JP Morgan Chase Slammed With $65m Fine Over Benchmark Rigging

Photo by Ben Sutherland from Flickr

Today, JP Morgan Chase, the banking giant in the United States of America, was slammed with a fine amounting to $65m (£49m) by the regulators in the United States because of the attempted manipulation of the bank of the ISDAfix benchmark.

The Commodity Futures Trading Commission (CFTC) said that the bank released false reports and tried to manipulate the US Dollar International Swaps and Derivatives Association Fix in order to benefit its derivatives positions during the period between 2007 and 2012.

The ISDAfix rates are utilised to help in valuing the cash settlement of options on interest rate swaps and some other products. Local governments and pension funds usually depend on products that are priced off the said benchmark rate to help in hedging against future changes in interest rates.

The said benchmark swap rates and spreads are published daily. It indicates the prevailing mid-market rate, during a specific time of day, for the set leg of a standard fixed-for-floating interest rate swap.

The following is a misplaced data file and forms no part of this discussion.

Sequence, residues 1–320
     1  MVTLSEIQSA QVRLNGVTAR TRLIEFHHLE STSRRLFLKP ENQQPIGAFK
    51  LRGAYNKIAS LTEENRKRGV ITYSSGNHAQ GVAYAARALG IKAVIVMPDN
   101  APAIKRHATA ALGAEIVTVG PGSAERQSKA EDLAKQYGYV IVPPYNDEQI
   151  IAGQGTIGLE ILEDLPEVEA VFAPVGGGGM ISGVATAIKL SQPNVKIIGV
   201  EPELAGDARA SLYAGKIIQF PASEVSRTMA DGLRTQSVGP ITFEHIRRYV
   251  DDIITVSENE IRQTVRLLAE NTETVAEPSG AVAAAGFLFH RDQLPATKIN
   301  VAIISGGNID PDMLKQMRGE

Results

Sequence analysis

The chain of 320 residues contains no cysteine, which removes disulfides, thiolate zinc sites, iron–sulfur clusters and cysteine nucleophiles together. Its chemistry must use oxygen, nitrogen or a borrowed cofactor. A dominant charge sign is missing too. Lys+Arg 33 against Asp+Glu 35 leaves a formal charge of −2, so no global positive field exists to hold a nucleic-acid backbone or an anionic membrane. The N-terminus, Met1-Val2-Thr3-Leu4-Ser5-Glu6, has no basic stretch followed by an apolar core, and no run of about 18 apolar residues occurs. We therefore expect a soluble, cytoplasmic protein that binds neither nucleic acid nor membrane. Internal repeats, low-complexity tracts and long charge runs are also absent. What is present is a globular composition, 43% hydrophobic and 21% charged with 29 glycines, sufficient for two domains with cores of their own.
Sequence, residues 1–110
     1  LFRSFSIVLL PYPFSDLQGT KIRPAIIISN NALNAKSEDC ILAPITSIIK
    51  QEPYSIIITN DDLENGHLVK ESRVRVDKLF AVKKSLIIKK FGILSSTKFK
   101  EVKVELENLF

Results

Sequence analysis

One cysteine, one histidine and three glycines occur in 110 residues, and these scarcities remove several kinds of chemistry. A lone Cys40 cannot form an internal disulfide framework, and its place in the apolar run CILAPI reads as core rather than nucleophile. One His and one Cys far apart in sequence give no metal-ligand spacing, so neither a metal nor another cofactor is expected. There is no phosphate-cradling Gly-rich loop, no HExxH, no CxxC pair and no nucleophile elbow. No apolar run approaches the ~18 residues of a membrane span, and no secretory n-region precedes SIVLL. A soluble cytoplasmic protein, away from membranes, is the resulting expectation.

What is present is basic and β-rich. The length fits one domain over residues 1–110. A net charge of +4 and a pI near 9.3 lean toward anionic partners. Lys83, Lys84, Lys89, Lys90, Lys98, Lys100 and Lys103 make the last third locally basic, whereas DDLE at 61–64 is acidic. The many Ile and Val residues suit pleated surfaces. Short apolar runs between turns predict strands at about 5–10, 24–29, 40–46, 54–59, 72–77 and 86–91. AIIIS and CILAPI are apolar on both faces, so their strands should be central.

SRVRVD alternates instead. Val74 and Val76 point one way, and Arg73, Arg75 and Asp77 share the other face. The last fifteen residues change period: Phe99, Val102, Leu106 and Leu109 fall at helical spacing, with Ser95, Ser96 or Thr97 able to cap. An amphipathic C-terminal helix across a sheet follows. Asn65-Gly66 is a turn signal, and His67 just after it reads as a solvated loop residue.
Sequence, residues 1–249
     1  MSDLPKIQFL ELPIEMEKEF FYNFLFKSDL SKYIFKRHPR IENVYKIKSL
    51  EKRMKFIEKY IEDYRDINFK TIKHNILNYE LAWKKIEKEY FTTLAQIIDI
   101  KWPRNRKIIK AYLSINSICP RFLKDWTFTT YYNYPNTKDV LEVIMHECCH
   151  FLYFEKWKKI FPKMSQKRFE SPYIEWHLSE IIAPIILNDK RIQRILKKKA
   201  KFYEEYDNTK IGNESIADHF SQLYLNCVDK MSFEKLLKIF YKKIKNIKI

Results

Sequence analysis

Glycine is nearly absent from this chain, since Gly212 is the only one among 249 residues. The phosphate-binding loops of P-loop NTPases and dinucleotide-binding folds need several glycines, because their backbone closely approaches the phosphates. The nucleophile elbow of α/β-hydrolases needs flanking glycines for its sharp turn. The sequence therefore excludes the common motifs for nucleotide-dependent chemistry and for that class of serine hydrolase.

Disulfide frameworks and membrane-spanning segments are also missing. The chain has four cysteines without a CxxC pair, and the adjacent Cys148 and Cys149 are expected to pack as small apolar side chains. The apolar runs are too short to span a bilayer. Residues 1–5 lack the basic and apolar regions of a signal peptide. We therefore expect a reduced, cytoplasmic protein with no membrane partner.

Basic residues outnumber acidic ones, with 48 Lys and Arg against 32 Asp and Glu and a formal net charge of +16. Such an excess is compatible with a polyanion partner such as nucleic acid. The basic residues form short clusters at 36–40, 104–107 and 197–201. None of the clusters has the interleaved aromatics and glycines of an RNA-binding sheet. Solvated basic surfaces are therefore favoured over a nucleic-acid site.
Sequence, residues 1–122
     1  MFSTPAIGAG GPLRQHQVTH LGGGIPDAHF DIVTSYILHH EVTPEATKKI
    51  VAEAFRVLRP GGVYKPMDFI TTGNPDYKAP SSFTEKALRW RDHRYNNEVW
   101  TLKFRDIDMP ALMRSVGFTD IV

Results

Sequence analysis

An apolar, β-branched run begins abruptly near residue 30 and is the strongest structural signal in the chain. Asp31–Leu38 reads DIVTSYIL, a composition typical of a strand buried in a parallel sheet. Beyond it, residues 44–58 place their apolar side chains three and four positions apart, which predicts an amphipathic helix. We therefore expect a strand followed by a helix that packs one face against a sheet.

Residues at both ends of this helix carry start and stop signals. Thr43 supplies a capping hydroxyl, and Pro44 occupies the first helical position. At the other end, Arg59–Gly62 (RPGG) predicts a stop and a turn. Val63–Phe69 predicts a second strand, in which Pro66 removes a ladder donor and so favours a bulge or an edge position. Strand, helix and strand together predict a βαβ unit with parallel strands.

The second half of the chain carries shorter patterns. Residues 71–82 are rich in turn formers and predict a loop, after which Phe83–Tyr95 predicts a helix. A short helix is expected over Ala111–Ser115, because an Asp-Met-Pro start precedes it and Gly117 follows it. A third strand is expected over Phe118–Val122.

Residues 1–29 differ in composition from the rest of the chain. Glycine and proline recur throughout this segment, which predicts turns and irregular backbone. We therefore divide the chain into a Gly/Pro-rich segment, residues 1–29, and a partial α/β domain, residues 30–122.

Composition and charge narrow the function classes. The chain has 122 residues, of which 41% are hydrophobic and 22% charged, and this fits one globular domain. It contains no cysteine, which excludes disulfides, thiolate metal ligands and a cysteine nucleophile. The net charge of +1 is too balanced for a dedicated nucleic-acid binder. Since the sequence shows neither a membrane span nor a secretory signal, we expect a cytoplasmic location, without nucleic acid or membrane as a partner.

The CFTC director of enforcement, James McDonald, stated: “This matter is one in a series of CFTC actions that clearly demonstrates the commission’s unrelenting commitment to root out manipulation from our markets and to protect those who rely on the integrity of critical financial benchmarks.”

A JP Morgan spokesperson stated: “We’re pleased to have this matter behind us.”

The bank is the most recent firm to be hit by a long-running probe into rate-rigging in the $300tn interest-rate swaps market.

The CFTC has disclosed that JPMorgan has already taken some steps to strengthen the internal controls of the company and provided “substantial co-operation” during the investigation.

Some other major banks including Barclays, Citigroup, and Goldman Sachs had to settle similar charges that relate to the ISDAfix benchmark case with the regulator in 2015 and 2016.